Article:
The thing is, if I had that extra information in my abstraction, then I'd have to have some special "I don't know" value for select/epoll, test for that, slightly different behaviour between epoll and kqueue, etc... So I just don't really find it worth the trouble, at the moment. But I'm open to the idea that I might be missing something...
One thing is that not everyone cares about writing portable code. I used to always write everything in this way (don't use fancy features or don't depend on them), but a few things started to change my mind. One of them was reading this story. Another was starting to work on a BSD-based proprietary system. We have the make world style - a single source tree, no collection of RPMs with tarballs and patches. We can add libraries, daemons, and kernel extensions that the rest of the system depends on. We don't use autoconf-based fallback code or lowest-common denominator abstraction layers. We've given up on the idea of sending most of our changes upstream, so we do what works for us. It can be liberating to say "screw portability/ compatibility". It's much easier to do on our system where you can make a single changeset that modifies everything you need and be certain one piece will never run on a real system without the other.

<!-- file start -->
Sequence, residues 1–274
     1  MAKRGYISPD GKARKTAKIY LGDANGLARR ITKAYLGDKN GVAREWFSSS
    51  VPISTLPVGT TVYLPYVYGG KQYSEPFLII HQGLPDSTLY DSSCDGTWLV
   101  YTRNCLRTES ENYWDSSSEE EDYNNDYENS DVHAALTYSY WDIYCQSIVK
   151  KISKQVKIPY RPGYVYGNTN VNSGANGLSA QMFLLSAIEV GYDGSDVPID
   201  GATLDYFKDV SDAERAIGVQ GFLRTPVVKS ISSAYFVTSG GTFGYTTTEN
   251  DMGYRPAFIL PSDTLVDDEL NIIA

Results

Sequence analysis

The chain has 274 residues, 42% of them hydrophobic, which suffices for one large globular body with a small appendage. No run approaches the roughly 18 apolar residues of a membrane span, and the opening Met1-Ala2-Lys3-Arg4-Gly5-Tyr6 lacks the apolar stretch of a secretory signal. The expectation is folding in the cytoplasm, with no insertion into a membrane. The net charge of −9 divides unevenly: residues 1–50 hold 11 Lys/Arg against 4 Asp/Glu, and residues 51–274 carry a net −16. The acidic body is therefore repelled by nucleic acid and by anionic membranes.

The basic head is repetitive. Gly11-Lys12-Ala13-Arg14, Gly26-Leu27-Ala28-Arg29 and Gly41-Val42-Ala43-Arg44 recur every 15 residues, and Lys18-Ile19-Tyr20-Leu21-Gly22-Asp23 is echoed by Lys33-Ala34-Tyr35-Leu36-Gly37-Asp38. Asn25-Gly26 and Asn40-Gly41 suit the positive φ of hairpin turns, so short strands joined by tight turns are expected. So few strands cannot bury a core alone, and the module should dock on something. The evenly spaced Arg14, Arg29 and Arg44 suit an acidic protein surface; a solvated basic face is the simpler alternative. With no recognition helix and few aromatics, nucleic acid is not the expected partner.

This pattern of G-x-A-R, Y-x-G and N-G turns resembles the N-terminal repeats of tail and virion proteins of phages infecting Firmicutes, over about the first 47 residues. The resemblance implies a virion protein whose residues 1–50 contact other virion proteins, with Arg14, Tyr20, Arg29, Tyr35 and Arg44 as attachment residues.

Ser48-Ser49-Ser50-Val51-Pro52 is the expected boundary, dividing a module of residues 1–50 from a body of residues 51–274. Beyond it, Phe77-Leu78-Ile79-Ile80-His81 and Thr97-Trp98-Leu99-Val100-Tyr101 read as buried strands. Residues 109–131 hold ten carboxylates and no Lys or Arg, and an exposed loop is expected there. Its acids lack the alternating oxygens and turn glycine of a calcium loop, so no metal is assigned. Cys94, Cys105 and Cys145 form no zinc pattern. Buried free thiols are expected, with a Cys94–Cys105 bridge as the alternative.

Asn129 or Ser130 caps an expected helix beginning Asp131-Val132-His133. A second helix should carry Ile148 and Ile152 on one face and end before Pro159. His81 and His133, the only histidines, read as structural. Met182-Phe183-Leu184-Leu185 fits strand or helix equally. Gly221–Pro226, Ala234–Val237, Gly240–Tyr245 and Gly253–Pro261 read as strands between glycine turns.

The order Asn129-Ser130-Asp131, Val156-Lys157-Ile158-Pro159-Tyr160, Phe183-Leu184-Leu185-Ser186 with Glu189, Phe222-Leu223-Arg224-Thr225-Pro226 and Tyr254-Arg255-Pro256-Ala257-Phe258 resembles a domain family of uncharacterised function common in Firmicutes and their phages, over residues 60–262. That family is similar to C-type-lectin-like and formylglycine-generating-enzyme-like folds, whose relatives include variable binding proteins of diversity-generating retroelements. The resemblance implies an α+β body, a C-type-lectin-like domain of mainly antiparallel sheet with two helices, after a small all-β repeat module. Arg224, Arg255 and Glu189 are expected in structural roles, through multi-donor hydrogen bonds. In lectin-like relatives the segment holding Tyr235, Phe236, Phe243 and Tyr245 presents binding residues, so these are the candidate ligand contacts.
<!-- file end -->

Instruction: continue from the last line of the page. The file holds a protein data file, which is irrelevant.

Now I'm ready to take the same attitude to other code that I write. Portability isn't a hard requirement; it's something to be kept as long as it doesn't hold me back too much. Code doesn't run on Python 2.2? Who cares?!? I run mostly CentOS 5, which has Python 2.4, so I'll take advantage of the newer language features. Code doesn't run without epoll_wait() or kevent()? Who cares?!? I use systems with modern kernel interfaces. Code doesn't run without a Linux-only kernel interface? Maybe I'll add it or something equivalent to BSD if I want to run it there.
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